I bought a dresser and it came with this chain for anchoring the dresser to the wall. It did not come with the hardware that attaches to the stud.

The dresser weighs maybe 125 lbs with the drawers out. Also, it came with two of these chains for anchoring, but I just showed one in the photo.

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I was thinking either a D Ring or an eyehook

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Is one type of hardware better than the other for anchoring purposes ? I like the idea of a D hook because it has two screws that would have to fail vs. the one eye hook screw. Does the screw thickness make a difference ?


Much more important than the hardware is what it is attached to.

The best protection against tipping furniture is attachment to a framing member in the wall. That generally means a stud (wood behind the finish sheet rock, plaster or paneling).

Studs can be found using a stud finder, and are generally on 16" centers, but sometimes 24". A hook-eye that goes through the finish material and 1" or more into a wooden stud is a good hedge against tipping. One centered high on the furniture piece, or better, one on each end will usually suffice.

A D-ring is okay, but the holes tend to be smaller and the screws attaching it are therefore smaller as well, with less holding power. The screw thickness does make a difference. The gripping power of a larger screw is greater than that of a small thin screw. Also the D-ring itself can be prone to failure with the wire leg pulling out from behind the mounting plate if there is a very heavy load.

If it is impossible to attach to a stud, a strong toggle is the next best attachment mechanism. I favor the pivoting bar type over the spring loaded version. These spread the load over a larger area of the finish material and the attachment bolt can be removed and reinserted easily.

I strongly urge against plastic type anchors when the load tends to pull outward rather than downward.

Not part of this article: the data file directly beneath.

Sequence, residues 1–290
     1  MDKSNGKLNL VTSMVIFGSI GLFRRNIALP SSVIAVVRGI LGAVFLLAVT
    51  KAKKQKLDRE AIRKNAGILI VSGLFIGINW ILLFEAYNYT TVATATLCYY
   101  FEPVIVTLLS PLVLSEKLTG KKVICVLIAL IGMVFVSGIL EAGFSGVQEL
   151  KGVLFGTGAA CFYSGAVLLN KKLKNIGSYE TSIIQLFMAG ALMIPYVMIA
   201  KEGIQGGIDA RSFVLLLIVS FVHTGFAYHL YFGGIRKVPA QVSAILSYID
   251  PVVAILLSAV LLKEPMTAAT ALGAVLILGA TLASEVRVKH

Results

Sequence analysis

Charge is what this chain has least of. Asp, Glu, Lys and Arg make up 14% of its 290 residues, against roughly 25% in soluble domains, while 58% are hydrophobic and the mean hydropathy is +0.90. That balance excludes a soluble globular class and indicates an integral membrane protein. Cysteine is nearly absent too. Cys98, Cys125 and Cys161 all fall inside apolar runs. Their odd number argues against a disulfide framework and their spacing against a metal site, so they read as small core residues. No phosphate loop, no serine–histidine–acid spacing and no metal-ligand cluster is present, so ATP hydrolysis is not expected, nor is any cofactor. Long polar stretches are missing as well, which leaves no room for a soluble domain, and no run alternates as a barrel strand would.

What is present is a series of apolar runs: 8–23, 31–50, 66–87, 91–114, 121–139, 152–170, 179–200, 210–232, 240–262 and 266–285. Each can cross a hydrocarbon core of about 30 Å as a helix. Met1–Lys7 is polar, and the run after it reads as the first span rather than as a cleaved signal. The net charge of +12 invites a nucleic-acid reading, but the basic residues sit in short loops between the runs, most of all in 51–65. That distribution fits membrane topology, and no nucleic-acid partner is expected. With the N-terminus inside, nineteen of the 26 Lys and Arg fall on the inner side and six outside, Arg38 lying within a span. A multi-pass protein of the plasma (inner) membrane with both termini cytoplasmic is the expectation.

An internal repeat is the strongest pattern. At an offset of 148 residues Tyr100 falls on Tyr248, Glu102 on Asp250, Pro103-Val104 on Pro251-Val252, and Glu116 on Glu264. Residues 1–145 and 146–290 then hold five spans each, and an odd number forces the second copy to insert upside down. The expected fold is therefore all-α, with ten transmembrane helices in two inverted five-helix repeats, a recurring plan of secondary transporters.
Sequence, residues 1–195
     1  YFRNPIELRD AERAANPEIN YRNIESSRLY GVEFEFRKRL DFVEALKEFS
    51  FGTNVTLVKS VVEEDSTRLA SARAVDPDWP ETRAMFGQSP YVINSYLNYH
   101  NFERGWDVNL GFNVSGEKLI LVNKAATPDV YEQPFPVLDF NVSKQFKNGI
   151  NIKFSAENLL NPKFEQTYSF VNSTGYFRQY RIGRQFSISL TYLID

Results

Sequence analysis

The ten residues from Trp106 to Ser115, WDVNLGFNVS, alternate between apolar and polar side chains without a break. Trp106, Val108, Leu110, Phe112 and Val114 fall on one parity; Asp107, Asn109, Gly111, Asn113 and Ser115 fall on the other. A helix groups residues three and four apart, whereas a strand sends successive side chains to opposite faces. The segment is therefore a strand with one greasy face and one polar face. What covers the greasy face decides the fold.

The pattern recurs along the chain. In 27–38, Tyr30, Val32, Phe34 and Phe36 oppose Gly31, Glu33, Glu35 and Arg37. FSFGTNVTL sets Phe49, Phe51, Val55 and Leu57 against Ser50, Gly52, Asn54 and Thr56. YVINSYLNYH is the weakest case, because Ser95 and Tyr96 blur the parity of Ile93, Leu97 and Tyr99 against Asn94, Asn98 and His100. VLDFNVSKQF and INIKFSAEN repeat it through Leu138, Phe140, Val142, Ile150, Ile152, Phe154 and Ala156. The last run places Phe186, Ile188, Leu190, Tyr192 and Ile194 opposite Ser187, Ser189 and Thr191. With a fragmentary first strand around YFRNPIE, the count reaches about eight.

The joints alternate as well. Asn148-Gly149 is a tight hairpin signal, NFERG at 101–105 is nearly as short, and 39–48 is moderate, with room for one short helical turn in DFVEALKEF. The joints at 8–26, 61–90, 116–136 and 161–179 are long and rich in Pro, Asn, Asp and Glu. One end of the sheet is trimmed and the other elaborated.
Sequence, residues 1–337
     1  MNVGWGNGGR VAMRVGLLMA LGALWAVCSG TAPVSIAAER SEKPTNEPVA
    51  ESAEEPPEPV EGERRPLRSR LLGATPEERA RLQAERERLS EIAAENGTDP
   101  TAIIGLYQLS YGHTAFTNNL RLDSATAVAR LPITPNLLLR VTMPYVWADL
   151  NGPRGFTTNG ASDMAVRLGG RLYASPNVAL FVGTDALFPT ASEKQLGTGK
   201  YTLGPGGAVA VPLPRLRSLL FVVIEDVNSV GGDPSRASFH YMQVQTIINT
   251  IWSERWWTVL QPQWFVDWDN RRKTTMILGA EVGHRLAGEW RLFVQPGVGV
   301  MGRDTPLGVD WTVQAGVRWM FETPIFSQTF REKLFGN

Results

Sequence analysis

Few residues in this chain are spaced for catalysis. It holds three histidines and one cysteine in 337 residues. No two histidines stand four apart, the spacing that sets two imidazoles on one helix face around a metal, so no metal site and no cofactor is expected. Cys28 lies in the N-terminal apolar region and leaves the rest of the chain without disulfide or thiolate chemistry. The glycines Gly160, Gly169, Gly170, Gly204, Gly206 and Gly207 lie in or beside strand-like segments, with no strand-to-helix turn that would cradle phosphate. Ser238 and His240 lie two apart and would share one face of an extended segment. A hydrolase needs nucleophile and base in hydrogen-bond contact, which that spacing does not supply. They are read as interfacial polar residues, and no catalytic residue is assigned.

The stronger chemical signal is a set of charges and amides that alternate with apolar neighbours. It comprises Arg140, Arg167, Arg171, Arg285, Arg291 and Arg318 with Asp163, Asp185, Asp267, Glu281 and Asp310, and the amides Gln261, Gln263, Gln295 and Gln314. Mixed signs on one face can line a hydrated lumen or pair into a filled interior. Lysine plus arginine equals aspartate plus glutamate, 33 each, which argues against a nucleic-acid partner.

You may wish to reveiw this discussion of anchor types.

An exception is masonry construction, such as concrete, concrete blocks or tile blocks. These need special masonry anchors and matching screws or bolts.

Occasionally you may find steel studs, which need a finer threaded screw for attachment, and do not seem to hold as well as wooden studs.

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  • Considering that such anchoring is used to prevent the furniture from reaching the topple-over point, the forces are likely to be small. Either the eyebolt or D-ring with strap will provide sufficient strength. With this specific example, one would have to have more than one drawer open, with a heavy payload within. Additionally, the higher drawers would have greater leverage than the lower ones. It's unfortunate that our species has become so litigious that this hardware is required. If one is not smart enough... think of it as evolution in action. – fred_dot_u Aug 21 '16 at 15:44
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    The biggest risk is kids climbing (and mine have). The restraints are also used on dressers with heavy mirrors and on bookcases that can have much heavier loads once (if) they reach tip point. Also, the scenario of a kid pulling out a top drawer and then swinging by her arms from it is not far fetched. That would put a dynamic strain on a simple wall anchor. – bib Aug 21 '16 at 15:53
  • No rug rats in my house means I've overlooked that aspect, although it does fall into the evolution category, sub-category parenting. I can support my weight on a 1/4" eyebolt screwed into a stud without fear, so such a mount would be suited for the circumstances you suggest. – fred_dot_u Aug 21 '16 at 15:59
  • @fred_dot_u But remember that pulling down on an eye bolt is mostly shear/compression pressure, while pullout restrains are mostly tension. Both wood and wallboard are stronger on the former than on the latter. But I agree that, in a stud, 1/4" eyebolt should do fine. – bib Aug 21 '16 at 16:05
  • Great answer and great comments. In my instance, I'm anchoring because I have kids. I opted for 2 eye hooks rated for 175lbs each. Here is a resource for how to anchor furniature and TVs anchorit.gov/how-to-anchor-it , and here are some stats on tipover injuries cpsc.gov/en/Safety-Education/Neighborhood-Safety-Network/… (TLDR: 1 child dies every 2 weeks, most vunerable are 1-5 y/o) – Walter Stabosz Aug 21 '16 at 17:38

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